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Publication numberUS3691380 A
Publication typeGrant
Publication dateSep 12, 1972
Filing dateAug 26, 1969
Priority dateAug 26, 1969
Publication numberUS 3691380 A, US 3691380A, US-A-3691380, US3691380 A, US3691380A
InventorsHubner Klaus, Prokert Konrad, Stolz Werner
Original AssigneeFluorwerke Dohna
Export CitationBiBTeX, EndNote, RefMan
External Links: USPTO, USPTO Assignment, Espacenet
Threshold value dosage meter
US 3691380 A
Abstract  available in
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Claims  available in
Description  (OCR text may contain errors)

United States Patent Hiibner et a1.

[451 Sept. 12, 1972 THRESHOLD VALUE DOSAGE METER [72] Inventors: Klaus l-liibner; Konrad Prokert;

Werner Stolz, all of Dresden, Germany [73] Assignee: VEB Fluorwerke Dohna, Donna/Sa., Germany [22] Filed: Aug. 26, 1969 [21] Appl. No.: 853,205

[52] U.S. Cl ..250/83 CD [51] Int. Cl ..G0lt 1/04 [58] Field of Search ..250/83 CD [56] References Cited UNITED STATES PATENTS 2,700,736 1/1955 Roberts ..250/83 CD 2,824,234 2/1958 Schulte et al ..250/83 CD 2,848,625 8/1958 Taplin et a1. ..250/83 CD 2,858,447 10/1958 Taplin ..250/83 CD 3,450,878 6/1969 Pezdirtz et al ..250/83 CD Primary Examiner-Walter Stolwein Assistant Examiner-Davis L. Willis Attorney-Tab T. Thein [5 7] ABSTRACT An indicator for dosage control in radiation processes in the Megarad range, consisting of a threshold-value dosage meter which comprises a transparent plastic material and incorporated therein an indicator for color change, a water-soluble organic halogen compound, and a water-soluble buffer compound, the color change being adjustable to energy doses between 0.5 and 10 Mrad by varying the contents of the buffer compound and the concentration of the halogen compound in the plastic material. The device is very useful in the sterilization of medical equipment by radiation and in the pasteurization of foodstufis and for other purposes of radiation technique.

5 Claims, No Drawings THRESHOLD VALUE DOSAGE METER The present invention relates to a threshold-value dosage meter consisting of a foil of plastic material and serving as an indicator in the sterilization by radiation of medical equipment as well as in the pasteurization of foodstuffs and for other purposes of radiation technique.

Various threshold-value dosage meters are already known. Thus, the dosage meter following the system of halogenazodye-paraffm (so-called HAP dosage meter) indicates comparatively low energy doses by color change. It was especially developed for test measurements in radiation medicine.

For the purposes of radiation sterilization, especially of medical equipment, threshold-value dosage meters were developed which showed distinct and sharp color change at 2.5 Mrad. These systems contain polyvinyl chloride of low transparency, and as indicator an azodye with several additives, e.g., polyvinyl alcohol, paraffin or latex.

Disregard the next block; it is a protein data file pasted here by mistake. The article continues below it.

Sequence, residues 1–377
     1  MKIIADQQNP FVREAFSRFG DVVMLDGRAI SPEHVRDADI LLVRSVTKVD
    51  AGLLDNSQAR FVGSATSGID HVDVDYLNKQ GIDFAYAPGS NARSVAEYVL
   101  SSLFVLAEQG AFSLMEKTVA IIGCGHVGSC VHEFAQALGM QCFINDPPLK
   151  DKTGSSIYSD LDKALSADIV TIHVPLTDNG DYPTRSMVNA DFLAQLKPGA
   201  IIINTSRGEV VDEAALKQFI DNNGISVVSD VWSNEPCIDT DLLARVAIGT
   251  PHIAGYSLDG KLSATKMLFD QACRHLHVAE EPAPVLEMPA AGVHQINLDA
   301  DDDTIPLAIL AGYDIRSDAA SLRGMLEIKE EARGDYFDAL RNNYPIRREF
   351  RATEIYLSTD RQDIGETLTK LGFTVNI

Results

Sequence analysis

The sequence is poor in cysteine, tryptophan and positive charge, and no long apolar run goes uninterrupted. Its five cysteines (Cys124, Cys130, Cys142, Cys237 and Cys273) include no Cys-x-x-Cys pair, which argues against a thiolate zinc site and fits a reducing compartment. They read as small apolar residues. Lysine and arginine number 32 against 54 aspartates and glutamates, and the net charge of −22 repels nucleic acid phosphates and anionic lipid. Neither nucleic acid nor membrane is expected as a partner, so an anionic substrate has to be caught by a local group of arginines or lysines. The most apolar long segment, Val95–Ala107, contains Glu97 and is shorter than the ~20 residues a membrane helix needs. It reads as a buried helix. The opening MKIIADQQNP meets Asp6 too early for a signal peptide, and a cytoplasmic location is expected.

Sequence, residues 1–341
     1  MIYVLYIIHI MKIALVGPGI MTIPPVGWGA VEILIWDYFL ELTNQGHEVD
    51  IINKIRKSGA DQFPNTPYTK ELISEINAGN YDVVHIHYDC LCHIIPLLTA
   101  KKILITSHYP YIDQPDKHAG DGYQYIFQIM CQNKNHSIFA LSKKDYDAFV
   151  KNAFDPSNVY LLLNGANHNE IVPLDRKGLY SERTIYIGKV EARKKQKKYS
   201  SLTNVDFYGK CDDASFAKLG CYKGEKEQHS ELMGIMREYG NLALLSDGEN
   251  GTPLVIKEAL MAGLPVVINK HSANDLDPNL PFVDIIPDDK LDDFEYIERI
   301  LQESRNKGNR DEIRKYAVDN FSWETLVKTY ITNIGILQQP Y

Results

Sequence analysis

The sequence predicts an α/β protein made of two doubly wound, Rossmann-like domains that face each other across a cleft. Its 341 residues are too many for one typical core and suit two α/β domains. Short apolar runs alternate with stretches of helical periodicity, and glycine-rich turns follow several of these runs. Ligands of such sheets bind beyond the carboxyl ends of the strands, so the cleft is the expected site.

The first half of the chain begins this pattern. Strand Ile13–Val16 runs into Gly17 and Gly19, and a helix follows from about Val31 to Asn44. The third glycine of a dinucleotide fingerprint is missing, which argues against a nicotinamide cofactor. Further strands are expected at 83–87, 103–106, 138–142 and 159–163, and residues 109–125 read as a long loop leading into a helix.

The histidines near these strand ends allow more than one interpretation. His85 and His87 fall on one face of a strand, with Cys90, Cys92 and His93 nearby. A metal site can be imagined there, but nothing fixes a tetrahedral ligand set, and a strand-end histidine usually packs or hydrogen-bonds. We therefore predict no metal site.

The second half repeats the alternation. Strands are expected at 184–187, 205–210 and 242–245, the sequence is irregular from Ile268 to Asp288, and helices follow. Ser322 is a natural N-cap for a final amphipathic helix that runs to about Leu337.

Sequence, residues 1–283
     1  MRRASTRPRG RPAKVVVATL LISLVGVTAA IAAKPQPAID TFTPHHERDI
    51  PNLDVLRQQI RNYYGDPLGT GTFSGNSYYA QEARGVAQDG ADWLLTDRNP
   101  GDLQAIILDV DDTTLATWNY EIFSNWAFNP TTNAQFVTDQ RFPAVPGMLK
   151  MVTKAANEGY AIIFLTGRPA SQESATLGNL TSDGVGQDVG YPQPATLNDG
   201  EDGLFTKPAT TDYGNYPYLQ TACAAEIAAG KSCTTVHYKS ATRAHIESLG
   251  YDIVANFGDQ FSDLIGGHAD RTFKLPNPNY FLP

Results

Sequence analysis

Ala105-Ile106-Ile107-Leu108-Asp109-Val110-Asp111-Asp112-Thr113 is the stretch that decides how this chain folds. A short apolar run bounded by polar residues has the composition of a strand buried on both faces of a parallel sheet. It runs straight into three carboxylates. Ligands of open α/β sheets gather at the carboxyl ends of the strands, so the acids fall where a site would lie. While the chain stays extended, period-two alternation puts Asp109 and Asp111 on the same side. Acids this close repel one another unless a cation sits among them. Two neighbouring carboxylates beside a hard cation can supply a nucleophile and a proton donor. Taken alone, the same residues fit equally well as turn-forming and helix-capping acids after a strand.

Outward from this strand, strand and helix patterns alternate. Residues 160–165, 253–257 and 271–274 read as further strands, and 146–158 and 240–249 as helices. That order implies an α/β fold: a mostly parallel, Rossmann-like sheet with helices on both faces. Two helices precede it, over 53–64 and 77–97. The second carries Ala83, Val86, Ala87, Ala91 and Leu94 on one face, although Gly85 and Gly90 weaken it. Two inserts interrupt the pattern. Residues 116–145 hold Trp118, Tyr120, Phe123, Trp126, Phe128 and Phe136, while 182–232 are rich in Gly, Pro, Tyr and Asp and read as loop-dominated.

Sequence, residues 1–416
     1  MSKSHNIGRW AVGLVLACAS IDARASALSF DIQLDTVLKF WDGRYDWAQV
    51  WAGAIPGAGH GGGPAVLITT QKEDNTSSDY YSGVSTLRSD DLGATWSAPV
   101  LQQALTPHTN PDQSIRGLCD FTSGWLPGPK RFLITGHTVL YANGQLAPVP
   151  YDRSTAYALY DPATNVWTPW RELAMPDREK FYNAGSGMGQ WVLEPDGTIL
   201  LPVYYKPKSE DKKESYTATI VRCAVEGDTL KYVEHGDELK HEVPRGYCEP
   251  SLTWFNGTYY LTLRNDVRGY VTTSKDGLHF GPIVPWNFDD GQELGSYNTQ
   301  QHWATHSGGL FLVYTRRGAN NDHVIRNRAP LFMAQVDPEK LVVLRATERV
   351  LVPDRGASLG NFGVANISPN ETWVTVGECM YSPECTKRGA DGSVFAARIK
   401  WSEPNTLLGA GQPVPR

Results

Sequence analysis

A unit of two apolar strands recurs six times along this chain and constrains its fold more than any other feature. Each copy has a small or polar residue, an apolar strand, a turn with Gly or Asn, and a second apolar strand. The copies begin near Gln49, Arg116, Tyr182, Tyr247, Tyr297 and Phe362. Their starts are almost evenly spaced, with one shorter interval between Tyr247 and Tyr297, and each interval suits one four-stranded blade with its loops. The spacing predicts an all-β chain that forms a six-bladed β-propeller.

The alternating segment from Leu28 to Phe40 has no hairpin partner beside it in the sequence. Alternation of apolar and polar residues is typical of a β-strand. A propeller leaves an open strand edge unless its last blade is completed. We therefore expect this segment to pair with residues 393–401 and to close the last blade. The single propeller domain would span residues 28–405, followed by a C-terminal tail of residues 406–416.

The known threshold-value dosage meters have the shortcoming that they can scarcely be photometrically evaluated due to their low transparency. A visual evaluation of the color change may lead to subjective errors in the determination of the dosis.

Some systems exhibit in addition a marked sensitivity to daylight.

It is the object of the present invention to provide a threshold-value dosage meter which is free of the disadvantages of known dosage meters.

It is a further object of the invention to provide a threshold-value dosage meter which is simple in design, made of inexpensive materials and can easily be evaluated objectively and visually.

It is another object of the invention to provide a dosage meter which shows a clear color change at the predetermined energy dose, is insensitive to ambient factors, e.g., daylight, heat and moisture.

It is yet another object of the dosage meter according to the invention to maintain the color caused by radiation over a period of several months.

Other objects and advantages of the dosage meters according to the invention will become apparent from the following detailed description.

According to the invention these objects are realized by providing a transparent foil of water-soluble polyvinyl alcohol (PVA) into which the following elements are incorporated: an indicator substance, an organic halogen compound, and a water-soluble buffer compound.

The preferred substances for incorporation are:

methyl orange as indicator, chloral hydrate ,as halogen compound, and sodium tetraborate as bufier, but it should be understood that these substances are given by way of illustration and not of limitation.

With the above substances a transparent yellow foil is formed having an absorption maximum at a wavelength of 455 nm. After an irradiation of such a foil with an ionizing radiation, a sharp color change will occur from yellow to red at a certain energy dose, depending on the amount of chloral hydrate as halogen compound and of sodium tetraborate as buffer. The absorption maximum of the foil after color change is at a wavelength of 525 nm. Thus the color change can be regulated by the buffer concentration and the content in chloral hydrate; for the above given system, it can be adjusted from 0.5 to 10 Mrad.